This is how we come to pass between rows of floating houses, chugging our way toward Phum Soai. Home to a few thousand people, this sleepy village on the opposite riverbank is one of three Cham minority settlements in the area. As we wander through town, Phum Soai’s architecture represents a cacophony of influences, from French-inflected balustrades to the flared roofs of Buddhist pagodas, Vietnamese yin-yang tiles and the arched doorways of Islam, the primary religion of the Cham. Streetside shops advertise halal pho and bolts of woven cloth, a local handicraft. After our brief walk, stopping to wave hello and take in the river view, our boat heads onward to a low, sloping hill in the distance.

Speckled with shrines, temples and pagodas, Nui Sam is one of the holiest places in Vietnam. Each year, thousands of pilgrims trek from the foot of its long, winding steps up to the summit in honour of Lady Xu, a local goddess whose legend is connected to the mountain. We are saved the prospect of walking uphill by our driver, who ferries us up the road instead, arriving just in time for lunch.

To say Nui Sam’s vistas are breathtaking is an understatement: as the only elevated landscape in the area, the hillside looks over endless rice paddies in the dry season and watery plains during the rainy months. From the moment we arrive at Victoria’s three-star property, perched halfway up the mountain, a rare and precious sound follows us as we wander down to the vegetable garden or around the infinity pool clinging to a cliff: silence. High above the surrounding towns and blessed with an impeccable setting, we sit down to a Vietnamese feast of banh xeo, roast duck and claypot fish. Once again, it would be easy to while away an afternoon here, perhaps even the rest of the week, but Mr Phuong reappears and we move along.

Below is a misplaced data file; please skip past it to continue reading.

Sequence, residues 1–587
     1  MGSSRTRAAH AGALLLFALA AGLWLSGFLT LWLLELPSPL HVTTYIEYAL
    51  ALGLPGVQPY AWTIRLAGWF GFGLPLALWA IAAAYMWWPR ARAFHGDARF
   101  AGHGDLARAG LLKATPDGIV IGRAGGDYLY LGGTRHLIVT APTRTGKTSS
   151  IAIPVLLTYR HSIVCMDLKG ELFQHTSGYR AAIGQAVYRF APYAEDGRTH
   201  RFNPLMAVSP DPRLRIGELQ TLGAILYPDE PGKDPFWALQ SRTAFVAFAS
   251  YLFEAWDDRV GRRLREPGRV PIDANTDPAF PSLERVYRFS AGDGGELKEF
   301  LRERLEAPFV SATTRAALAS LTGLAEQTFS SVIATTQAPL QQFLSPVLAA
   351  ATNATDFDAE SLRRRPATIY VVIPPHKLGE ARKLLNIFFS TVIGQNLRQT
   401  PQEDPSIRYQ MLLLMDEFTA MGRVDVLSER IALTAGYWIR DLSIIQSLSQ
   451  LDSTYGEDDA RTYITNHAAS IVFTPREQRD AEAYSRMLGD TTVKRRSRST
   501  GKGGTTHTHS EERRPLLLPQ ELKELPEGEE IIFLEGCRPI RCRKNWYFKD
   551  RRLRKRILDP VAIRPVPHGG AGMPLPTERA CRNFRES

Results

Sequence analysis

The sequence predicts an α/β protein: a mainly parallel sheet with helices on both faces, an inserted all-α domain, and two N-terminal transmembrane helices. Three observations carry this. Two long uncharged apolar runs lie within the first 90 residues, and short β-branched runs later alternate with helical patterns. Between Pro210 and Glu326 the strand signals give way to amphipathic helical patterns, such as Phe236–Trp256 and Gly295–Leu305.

The afternoon ends in Tra Su Forest, a flooded cajaput forest 30 kilometres from Chau Doc. Though not far removed from bustling highways and an international border, Tra Su’s myriad shades of green are a rarity in Vietnam. From the vibrant yellow-green plants floating just above the water to the willowy sage-hued limbs of the trees, the forest looks truly alive. In a country where nature is often caged in, storks swoop and wheel across the sky above, casting long shadows in the late afternoon. Closer to the water, small electric blue birds dart back and forth just above the surface, flitting about from tree to tree. As the day winds down, we return to Victoria Chau Doc to unwind before heading home the following day.

En route back to Saigon, the bus stops off one last time near Cai Be. Our final taste of Mekong hospitality comes from Le Longanier, a stunning, two-storey restaurant decked out in beautiful white and mint green décor. Hidden down a narrow lane, the pristine house specialises in elephant ear fish, a local delicacy, and hosts regular guests down from the city on day trips and overnight excursions on Victoria’s refurbished Song Xanh sampans. In the final hours of our journey, a breeze from the water rolls in through Le Longanier’s large windows, bringing with them a breath of fresh air before we head home.

Victoria Chau Doc offers an array of travel excursions and accommodations in the Delta. For more information or reservations, call 1 800 995 599 or email reservation@victoriahotels.asia